A new Act of Congress titled the “Speak Out Act” recently passed and was signed by President Biden on December 6th, 2022…
Spurred on by the #MeToo Movement, this bill attempts to remove barriers to the enforcement of anti-sexual harassment and sexual assault laws in the workplace. Many victims of these unlawful acts have signed nondisclosure or non-disparagement agreements upon being hired—likely long before they experienced misconduct.
These clauses in employment agreements have become more common in recent years. What used to be reserved for top-level executives has grown to encompass ordinary employees. Unfortunately, nondisclosure agreements (NDA) and non-disparagement agreements can hinder victims of sexual misconduct by preventing them from speaking out publicly.
In fact, some NDAs and non-disparagement clauses are so broad that they have prevented victims and witnesses from speaking to their loved ones, therapists, or clergy. This means victims and witnesses can’t warn or discuss the issue with others. Their forced silence may allow unlawful behavior to continue.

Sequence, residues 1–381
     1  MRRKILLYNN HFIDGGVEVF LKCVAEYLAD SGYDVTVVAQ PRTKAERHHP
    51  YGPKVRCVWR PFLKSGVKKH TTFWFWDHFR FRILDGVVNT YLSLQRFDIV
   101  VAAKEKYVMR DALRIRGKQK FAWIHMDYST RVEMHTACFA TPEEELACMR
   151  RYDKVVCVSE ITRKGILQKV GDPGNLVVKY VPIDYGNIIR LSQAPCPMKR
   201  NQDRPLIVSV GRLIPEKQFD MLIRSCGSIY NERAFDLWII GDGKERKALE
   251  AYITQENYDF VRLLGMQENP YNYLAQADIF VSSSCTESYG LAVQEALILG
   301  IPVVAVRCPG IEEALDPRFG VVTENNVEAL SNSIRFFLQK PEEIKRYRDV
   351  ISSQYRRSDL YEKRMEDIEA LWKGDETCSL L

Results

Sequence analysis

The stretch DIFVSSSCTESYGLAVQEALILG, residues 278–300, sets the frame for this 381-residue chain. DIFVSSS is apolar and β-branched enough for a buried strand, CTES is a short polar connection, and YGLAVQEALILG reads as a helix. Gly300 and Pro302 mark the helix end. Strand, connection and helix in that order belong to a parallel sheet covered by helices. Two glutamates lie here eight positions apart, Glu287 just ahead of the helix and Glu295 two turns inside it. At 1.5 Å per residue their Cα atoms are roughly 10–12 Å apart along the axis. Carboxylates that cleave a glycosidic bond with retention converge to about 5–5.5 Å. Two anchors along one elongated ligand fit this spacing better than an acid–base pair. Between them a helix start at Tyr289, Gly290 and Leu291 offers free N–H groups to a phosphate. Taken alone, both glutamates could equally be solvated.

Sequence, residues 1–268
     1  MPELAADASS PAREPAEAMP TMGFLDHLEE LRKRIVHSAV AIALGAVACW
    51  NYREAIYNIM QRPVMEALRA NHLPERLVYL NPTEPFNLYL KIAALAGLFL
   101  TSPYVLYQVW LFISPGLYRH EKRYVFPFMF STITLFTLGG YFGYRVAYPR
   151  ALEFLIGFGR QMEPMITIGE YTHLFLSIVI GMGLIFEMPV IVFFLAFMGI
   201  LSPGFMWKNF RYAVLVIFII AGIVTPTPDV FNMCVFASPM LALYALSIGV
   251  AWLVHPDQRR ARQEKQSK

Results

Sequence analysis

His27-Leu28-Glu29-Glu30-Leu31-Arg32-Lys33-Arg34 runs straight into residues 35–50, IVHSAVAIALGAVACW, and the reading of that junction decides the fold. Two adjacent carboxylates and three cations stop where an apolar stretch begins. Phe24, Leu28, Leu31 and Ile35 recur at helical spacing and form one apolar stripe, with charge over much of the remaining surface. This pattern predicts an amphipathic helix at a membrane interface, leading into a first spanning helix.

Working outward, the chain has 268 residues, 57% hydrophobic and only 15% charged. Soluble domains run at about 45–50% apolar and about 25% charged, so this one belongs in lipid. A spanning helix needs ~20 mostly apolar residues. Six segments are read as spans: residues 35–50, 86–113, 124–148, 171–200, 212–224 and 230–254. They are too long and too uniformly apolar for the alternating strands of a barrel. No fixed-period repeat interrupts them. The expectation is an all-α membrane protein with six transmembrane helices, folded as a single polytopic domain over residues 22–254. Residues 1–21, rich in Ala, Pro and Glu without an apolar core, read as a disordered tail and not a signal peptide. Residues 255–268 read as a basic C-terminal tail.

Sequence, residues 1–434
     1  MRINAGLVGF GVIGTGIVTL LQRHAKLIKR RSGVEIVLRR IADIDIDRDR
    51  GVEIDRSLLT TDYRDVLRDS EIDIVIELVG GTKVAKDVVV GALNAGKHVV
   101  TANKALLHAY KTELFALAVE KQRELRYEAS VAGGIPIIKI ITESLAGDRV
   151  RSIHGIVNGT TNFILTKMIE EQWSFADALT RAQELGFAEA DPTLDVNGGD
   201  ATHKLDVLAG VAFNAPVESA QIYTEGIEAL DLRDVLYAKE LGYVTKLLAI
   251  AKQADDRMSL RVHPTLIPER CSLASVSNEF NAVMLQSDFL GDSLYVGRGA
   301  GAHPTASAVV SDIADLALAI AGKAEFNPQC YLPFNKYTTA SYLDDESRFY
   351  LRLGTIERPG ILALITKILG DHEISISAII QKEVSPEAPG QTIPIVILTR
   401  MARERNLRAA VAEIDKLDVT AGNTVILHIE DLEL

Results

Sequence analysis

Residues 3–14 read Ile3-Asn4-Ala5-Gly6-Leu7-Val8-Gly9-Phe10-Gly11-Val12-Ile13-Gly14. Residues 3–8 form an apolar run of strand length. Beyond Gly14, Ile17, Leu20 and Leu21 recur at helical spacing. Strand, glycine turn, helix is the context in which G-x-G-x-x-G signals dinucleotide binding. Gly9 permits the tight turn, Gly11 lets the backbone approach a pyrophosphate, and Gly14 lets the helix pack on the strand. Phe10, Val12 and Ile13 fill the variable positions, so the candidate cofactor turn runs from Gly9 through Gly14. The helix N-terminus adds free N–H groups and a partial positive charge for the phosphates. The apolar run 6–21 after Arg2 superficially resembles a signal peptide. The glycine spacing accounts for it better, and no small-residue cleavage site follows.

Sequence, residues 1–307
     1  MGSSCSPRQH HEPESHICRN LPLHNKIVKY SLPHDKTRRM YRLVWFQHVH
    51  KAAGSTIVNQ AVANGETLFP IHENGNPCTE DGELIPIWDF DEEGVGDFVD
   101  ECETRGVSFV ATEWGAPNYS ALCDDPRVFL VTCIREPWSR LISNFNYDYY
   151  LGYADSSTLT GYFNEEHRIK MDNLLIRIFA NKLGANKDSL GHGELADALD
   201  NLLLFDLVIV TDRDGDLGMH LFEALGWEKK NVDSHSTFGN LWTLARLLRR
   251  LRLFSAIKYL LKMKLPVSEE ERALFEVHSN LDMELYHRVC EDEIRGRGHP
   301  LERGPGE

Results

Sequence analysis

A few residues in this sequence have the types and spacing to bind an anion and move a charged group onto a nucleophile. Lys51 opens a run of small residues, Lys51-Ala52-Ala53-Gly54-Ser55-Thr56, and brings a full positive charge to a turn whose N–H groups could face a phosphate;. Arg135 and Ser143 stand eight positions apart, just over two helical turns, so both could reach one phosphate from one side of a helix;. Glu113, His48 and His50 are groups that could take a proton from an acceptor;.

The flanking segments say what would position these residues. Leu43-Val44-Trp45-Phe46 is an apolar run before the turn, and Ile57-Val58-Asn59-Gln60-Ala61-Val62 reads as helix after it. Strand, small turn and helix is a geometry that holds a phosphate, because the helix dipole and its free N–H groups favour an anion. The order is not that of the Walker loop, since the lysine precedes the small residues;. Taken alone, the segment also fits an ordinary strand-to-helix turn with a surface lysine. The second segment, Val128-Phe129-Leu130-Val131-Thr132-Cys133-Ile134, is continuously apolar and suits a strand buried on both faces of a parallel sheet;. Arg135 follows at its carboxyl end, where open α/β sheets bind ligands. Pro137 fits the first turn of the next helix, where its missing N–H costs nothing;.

The Speak Out Act will help create an atmosphere of accountability in the workplace by nullifying most NDAs and non-disparagement clauses an employee may have signed prior to the sexual harassment or assault. It does not, however, prevent the signing of an NDA or non-disparagement agreement after misconduct has already occurred; furthermore, this law does not apply to agreements signed in legal settlements or agreements involving other types of alleged discrimination.
PBS reports that, approximately one third of all American workers have signed an NDA that restricts them from speaking out about work related matters.
What should employers know?
If your company routinely asks new hires to sign non-disparagement agreements, be aware that these agreements will not be enforced in cases involving sexual harassment or assault allegations; however, these agreements remain effective against discrimination and other workplace misconduct. You may still seek an NDA or non-disparagement agreement after alleged misconduct has occurred or as the result of a settlement.